Silence is truly golden

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Baxter rain boots

One of my cherished daily rituals (besides sleeping late!) is my morning walk with the dogs around our little 5-acre farm. I wear my favorite slip-on gardening shoes (Sloggers – look these up if you have never heard of them – super comfortable and adorably cute designs), bask in the early morning sunshine coming up over the trees, feel the cool breeze caress my face, and breathe in deeply the smells of fresh cut grass, honeysuckle, and magnolia that make spring in the South so wonderfully enchanting.

I remarked to Dawn over lunch yesterday that the thing I enjoy most about these walks is just the opportunity to listen to my internal thoughts, to be wrapped in a bubble of silence, so those thoughts can be heard. In our tech-filled world with music blaring 24/7 from our wireless headphones, our smart phones beeping loudly with text messages, and YouTube videos constantly playing on our laptops, when is the time given to simply allow the ideas in your own head to come to the surface and be heard above the din of everyday life?

These walks remind me of the oft used saying “silence is golden.” While the source of this saying has been lost to history, The Phrase Finder traces its first use in English to the poet Thomas Carlyle. His translation from German in 1831 involves a wonderful statement on the value of silence.

“Silence is the element in which great things fashion themselves together; that at length they may emerge, full-formed and majestic, into the daylight of Life, which they are thenceforth to rule.”

I find this to be very true! During these walks I often come up with my best ideas. It might be a design breakthrough for a client’s website, just the right wording for a blog post I’m trying to write, or an idea for a new tennis sketch I want to create. It’s also my time to check-in with myself and how I’m feeling. Am I overwhelmed? Happy? Depressed? Ready for a new adventure? I know some people are able to study, read, write, or think while watching TV or listening to music, but I’m not one of those people. It’s those quiet times when my subconscious mind comes to life because it knows I’m focused on what it has to say and I’m not distracted by Bruno Mars belting out Uptown Funk.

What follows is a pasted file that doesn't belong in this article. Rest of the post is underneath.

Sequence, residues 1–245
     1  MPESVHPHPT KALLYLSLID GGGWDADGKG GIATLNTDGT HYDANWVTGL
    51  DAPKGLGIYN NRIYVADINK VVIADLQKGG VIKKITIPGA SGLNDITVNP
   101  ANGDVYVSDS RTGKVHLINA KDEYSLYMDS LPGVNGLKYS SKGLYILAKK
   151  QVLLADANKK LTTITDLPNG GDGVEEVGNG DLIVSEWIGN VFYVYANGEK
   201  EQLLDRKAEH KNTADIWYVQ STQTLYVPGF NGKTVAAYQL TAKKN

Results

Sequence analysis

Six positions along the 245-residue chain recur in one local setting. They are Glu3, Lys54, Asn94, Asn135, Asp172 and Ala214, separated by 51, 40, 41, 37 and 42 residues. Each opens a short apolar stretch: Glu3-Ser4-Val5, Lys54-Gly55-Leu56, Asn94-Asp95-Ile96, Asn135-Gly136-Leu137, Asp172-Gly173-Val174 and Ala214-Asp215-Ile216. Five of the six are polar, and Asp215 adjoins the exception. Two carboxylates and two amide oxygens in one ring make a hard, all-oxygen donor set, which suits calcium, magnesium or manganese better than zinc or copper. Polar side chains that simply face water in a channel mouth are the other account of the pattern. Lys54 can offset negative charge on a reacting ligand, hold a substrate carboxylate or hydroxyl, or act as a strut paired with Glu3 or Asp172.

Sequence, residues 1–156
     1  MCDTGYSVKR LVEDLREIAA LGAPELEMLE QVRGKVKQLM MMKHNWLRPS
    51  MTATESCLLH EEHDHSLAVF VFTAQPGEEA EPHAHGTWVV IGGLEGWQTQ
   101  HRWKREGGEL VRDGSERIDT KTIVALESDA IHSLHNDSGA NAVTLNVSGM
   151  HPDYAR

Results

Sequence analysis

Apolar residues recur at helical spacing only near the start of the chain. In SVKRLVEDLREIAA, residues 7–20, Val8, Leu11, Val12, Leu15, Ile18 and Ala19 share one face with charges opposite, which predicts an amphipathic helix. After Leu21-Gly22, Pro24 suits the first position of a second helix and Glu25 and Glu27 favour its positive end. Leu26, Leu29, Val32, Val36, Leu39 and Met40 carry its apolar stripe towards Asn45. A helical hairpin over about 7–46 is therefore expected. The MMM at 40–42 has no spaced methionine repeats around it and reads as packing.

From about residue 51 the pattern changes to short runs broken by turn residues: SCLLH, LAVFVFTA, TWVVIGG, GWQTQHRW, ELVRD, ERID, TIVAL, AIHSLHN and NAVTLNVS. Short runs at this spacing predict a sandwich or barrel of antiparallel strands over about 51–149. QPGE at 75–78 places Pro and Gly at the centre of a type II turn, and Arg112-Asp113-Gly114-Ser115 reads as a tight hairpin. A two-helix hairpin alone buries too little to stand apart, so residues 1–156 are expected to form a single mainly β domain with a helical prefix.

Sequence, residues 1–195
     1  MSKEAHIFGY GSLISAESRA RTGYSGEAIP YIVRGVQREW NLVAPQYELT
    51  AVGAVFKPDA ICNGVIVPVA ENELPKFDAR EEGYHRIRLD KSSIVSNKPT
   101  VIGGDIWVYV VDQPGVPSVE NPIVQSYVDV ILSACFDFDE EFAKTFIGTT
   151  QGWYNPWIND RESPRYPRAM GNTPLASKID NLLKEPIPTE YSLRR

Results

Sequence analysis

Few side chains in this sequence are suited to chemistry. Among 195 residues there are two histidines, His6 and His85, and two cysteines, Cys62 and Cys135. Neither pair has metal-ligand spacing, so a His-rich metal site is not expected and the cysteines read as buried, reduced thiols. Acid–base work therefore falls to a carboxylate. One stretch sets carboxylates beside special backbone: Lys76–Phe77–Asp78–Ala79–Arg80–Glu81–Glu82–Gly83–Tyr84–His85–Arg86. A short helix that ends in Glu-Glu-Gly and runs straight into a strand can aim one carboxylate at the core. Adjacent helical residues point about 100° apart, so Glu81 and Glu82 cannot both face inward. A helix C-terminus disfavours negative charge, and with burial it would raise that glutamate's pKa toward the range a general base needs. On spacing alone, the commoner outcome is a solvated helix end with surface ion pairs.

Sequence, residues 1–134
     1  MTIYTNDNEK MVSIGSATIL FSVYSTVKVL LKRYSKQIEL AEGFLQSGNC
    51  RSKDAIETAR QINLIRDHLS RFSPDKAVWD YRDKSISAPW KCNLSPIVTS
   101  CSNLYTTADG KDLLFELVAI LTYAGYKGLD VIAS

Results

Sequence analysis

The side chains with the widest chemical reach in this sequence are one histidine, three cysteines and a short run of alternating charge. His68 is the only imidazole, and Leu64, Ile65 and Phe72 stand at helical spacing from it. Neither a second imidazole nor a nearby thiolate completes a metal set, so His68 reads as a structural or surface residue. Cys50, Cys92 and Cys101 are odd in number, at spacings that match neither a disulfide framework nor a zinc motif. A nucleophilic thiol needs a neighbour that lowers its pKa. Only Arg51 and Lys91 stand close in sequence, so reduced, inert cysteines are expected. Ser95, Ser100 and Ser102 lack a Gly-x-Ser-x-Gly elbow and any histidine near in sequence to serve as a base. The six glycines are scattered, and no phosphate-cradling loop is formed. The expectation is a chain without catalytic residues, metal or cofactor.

After my walks, I normally feel refreshed and ready for a day full of opportunities to put my ideas into action. For you, it might be a quiet morning with a hot cup of tea (also one of my favorites for winter thinking), a bit of yoga, a hot shower, a few minutes of meditation, or all of the above!

I challenge you to work some quiet time into your routine. Even if it is just for 15 minutes. Turn off the cell phone, the music, and the TV, and just enjoy the silence. After all, we are still using the saying silence is golden. There must be a nugget of truth to that. Be silent and you might find it.

What are your favorite quiet time activities? We would love to hear about them in the comments below.

One thought on “Silence is truly golden

  1. Kirsten Rosetti

    “Quiet time” is one of the non-negotiable parts of my self-care practice. It enables me to recharge and reconnect with myself and what I really need. Plus I usually get my best ideas when my mind isn’t being bombarded by noise and digital distractions. My favorite quiet time activities are walking in the park (when the weather is warm), sitting in a cozy spot with a cup of coffee or hot cocoa, and writing in my journal. 🙂
    Kirsten Rosetti recently posted…Amp Up Your Gratitude With This Easy ExerciseMy Profile


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